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      It’s that time of year. Coworkers are out sick, kids are missing school, and friends are posting on social media about all the nasty stomach bugs going around. In addition to over-the-counter solutions, many of you may be turning to all-natural remedies, including essential oils. But what would they have used in the 18th century?...Read More »
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      Benjamin Franklin had only a passing acquaintance with Williamsburg, which he visited twice. But he belongs to all Americans, an icon of the nation’s most optimistic sense of itself: rising from humble origins to ever-greater heights through ingenuity and force of will, while maintaining a generous spirit. This excerpt from Why the Turkey Didn’t Fly explores […]
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      A foot of snow fell on Williamsburg Saturday, the largest one-day accumulation since the record was set in 1980. While the kids rejoiced over school’s cancellation and neighbors started to dig out their driveways, I dipped into the archives to see how recent experience compared to 18th-century Virginia winters. From what I discovered it appears heavy...Read […]
    • Not Even a Blizzard Could Keep Us from Getting Married!
      My name is Haley Morton Haines, and I’m a third year law student at the College of William & Mary Law School. My husband is Matthew Haines, and he is a sergeant in the Marine Corps. On Saturday, January 7, we got married… in the snow… in front of the Governor’s Palace! We planned to...Read More »
    • Photo Essay: A Foot of Snow Transforms the Historic Area into a Winter Wonderland!
      We knew early last week a winter storm was coming our way. And on Friday, a blizzard warning went up for southside Virginia. It extended onto the Peninsula, getting as close to us as Hampton. But local meteorologists still weren’t saying too much about Williamsburg. Yet. A little after midnight, the first flurries started to...Read More »
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Glorious Christmas Nights Richmond VA Christmas Play

It’s a bit of a drive from Hampton Roads or Williamsburg VA but well worth the trip. The annual Christmas productions put on by the West End Assembly of God  “Glorious Christmas Nights.” This year’s production is an exception; it is a repeat of a previous work done in 2003, brought back by popular demand. Last year over 25,000 tickets were sold.

I just checked the website http://www.gloriouschristmasnights.com/ and there are still tickets available bit they seem to be selling out very quickly.

Thank you to Lowell Qualls and his informative blog posting  http://lowellequalls.wordpress.com/2008/11/05/check-out-glorious-christmas-nights/

Four-hundred actors, stage hands, musicians and dancers combine their talents to pull off a holiday show that gets you “in the mood” for Christmas.  Take a look at the clip below (from 2005 – this happens to be my favorite show) to get a feel for the quality and scope of the production.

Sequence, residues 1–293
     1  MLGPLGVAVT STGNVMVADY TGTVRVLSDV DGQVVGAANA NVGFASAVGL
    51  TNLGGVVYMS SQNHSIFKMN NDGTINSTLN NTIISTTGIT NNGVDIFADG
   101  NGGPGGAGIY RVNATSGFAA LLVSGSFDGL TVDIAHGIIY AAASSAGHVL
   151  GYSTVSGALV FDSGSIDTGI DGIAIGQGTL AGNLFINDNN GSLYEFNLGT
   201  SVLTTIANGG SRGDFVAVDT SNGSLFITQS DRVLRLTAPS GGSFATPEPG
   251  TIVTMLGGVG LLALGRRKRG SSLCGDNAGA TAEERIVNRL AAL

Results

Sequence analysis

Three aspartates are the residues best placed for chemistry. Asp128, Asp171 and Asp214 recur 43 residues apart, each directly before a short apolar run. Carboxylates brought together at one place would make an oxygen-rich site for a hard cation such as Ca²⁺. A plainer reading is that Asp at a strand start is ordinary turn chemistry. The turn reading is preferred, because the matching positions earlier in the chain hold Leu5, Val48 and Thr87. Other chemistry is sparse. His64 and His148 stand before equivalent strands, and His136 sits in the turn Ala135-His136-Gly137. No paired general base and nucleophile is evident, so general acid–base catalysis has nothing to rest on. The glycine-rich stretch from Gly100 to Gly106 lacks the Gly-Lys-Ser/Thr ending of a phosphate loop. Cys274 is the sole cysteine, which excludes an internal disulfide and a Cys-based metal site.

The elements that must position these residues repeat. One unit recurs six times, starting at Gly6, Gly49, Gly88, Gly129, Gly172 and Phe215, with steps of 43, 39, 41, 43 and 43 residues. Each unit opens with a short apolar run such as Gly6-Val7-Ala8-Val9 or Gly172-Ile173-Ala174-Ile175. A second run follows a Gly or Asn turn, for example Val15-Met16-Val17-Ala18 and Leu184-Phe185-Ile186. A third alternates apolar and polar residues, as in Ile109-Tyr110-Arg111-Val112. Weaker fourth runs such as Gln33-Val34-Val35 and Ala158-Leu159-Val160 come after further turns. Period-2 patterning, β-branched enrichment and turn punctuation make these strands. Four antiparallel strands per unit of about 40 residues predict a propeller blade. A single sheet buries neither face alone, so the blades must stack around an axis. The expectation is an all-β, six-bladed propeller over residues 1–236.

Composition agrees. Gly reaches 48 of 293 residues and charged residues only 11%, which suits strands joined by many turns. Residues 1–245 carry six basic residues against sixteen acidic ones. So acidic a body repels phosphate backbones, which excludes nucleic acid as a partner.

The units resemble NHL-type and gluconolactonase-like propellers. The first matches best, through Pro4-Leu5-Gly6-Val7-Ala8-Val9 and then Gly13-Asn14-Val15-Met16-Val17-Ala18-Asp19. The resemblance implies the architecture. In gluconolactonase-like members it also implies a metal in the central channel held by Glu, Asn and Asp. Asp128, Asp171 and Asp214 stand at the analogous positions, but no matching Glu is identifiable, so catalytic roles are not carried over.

Bob Laughlin is the producer (the Music & Fine Arts pastor), Ron Klipp is the show’s musical composer, and Kathy Craddock is the director and primary writer.  When you combine Laughlin’s genius, Craddock’s imagination and Klipp’s original scores … well, let me put it to you this way:  if you’re lucky enough to get tickets … you will have a blast, and your heart will be touched.  It’s a Broadway quality show with a message that will stir you.  Taking children just adds to the experience.

This year’s story is about two bumbling angels – Ted and Randall – who are given an assignment:  to make sure the Wise Men make it to the stable so they can bring their gifts to Jesus.  They’re told by their boss – the archangel Michael – that they can locate the Wise Men at Herod’s palace during the reign of Caesar Augustus.  When they type the coordinates and data into their heavenly GPS (”HALO”) they get it all wrong.  Instead of Herod’s palace they wind up at Harrod’s Department Store in 1903 London.  There they pick up two kids – Patch and Runt – and the screwy angels take them to Caesar’s Palace in Las Vegas before finally winding up in Bethlehem.

While the script isn’t biblically accurate (the Wise Men didn’t show up at the stable on the night Jesus was born, but about two years later), it reflects what has become “the Christmas story” told in most churches at this time of year.

Like I mentioned before, the clip below comes from another great Craddock/Laughlin story.  Santa decides to fore go delivering packages on Christmas Eve one year because he’s had it with selfish, demanding kids and their materialistic parents.  That all changes when he receives a letter from a young boy who “gets it.”  (Complicating matters … Mrs. Claus believes Santa’s in a funk because she’s not as young and beautiful as she once was.)  There are villains and drama and comedy galore … and the awesome Youth choir brings the house down during their number at every show.

Tickets for the shows (there’s 16 of them over two weeks) are usually hard to come by not long after the box office opens on-line and at the church.  However … if you try really hard, and you don’t mind if your entire family can’t sit together, tickets can be had.  (All proceeds go to the Mission Fund at WEAG … www.weag.org.)

Here are a few videos of past years performances.